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  • #16
    oops, posted half of it, I'll try again

    In the UK riding a unicycle you're legally a vehicle, the road traffic act is very specific about this fact. So,

    1) You should be on the road

    If you're not confident or you're riding a small wheeled unicycle, it'd be dumb to ride on the road and I'm pretty sure no-one is going to pick you up on this one. However, if you're riding fast on a 29er or a coker, the place for you is in the road (or on a cycle lane if you like to ride them) or offroad on public bridleways, not on the pavement.

    2)You should be obeying the rules of the road.

    As a road user you've got the responsiblity to everyone else not to do anything stupid. Even the most stupid of car drivers don't actually want to run you down, you should do everything you can to make it easy for them not to. You shouldn't ride through red lights at junctions, because some poor driver might go through their green and run you over. You should also not do anything that might hurt pedestrians, like riding through red lights on pedestrian crossing. Signal if you're turning. If you signal, most drivers will let you turn and be much more polite to you than if you just swerve across their path.

    3) You've got a right to be on the road

    Sometimes if you ride a unicycle on the road, you'll end up in arguments with people who say you should be in the pavement. These people are wrong. At big junctions, you'll sometimes need to be in a filter lane, sometimes car drivers will not like this. The safest thing to do in this situation is stay right in the middle of the lane and let them overtake only when there's another lane for them to do it in. At a red light, idling or hopping on the spot is a perfectly sensible thing to do, just be confident that you can start again without falling off. Be confident of your right of way, for example on roundabouts or when going along main roads.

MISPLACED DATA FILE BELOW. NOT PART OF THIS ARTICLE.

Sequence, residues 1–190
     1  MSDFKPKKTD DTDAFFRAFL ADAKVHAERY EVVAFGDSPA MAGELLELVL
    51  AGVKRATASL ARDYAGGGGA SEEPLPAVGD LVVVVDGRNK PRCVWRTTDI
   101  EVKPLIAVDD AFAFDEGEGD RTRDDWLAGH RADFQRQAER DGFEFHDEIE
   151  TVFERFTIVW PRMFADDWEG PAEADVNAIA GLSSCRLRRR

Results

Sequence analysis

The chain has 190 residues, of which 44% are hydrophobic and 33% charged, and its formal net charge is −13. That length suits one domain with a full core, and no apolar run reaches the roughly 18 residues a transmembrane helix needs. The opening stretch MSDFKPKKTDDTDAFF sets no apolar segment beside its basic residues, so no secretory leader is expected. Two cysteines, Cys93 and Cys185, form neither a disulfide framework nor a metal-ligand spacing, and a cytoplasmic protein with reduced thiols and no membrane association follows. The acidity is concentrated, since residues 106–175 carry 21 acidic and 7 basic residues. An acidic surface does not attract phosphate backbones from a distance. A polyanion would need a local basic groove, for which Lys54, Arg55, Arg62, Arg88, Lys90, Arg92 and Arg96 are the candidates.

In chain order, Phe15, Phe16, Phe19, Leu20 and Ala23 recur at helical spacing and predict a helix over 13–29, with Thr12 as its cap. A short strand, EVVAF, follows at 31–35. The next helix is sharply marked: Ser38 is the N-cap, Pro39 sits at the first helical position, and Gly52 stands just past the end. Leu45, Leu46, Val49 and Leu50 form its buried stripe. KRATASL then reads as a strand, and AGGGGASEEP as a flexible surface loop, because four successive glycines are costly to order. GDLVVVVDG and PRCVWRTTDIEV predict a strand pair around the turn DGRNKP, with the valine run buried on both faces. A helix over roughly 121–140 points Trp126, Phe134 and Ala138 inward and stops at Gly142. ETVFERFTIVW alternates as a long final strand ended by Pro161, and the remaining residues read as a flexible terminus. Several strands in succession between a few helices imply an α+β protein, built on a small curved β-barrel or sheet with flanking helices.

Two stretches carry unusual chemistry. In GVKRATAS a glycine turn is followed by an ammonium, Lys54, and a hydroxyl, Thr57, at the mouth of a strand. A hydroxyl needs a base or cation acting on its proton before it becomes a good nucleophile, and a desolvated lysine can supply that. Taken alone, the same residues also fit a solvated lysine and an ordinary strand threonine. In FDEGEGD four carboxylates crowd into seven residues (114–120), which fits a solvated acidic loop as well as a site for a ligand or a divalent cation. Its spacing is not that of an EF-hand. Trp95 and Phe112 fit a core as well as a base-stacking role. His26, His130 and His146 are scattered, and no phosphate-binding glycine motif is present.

4) If you're on the road you need lights at night.

    Legally you need a British Standard or equivalent front and rear light. Vey bright lights aren't actually BS, but fortunately thanks to the EU, you can use anything that fulfils a similar standard in any EU country, so you can use bright offroad lights. Also, there's no rule saying you can't have extra lights. You're also supposed to have a rear reflector, I've got a cateye light & reflector combined and have a 12w front light and a bright red light on my helmet. I've also got red and white reflective tape from halfords on my unicycle.

    5) You should be nice to other road users

    It's also nice to generally be polite, if someone is stuck behind you for ages and isn't beeping their horn lots or being rude, then let them go past if you can. Falling off in front of people is particularly impolite, you definately shouldn't ride on major roads if you still fall off when riding on tarmac. Ride a bit below your maximum speed so you don't fall off.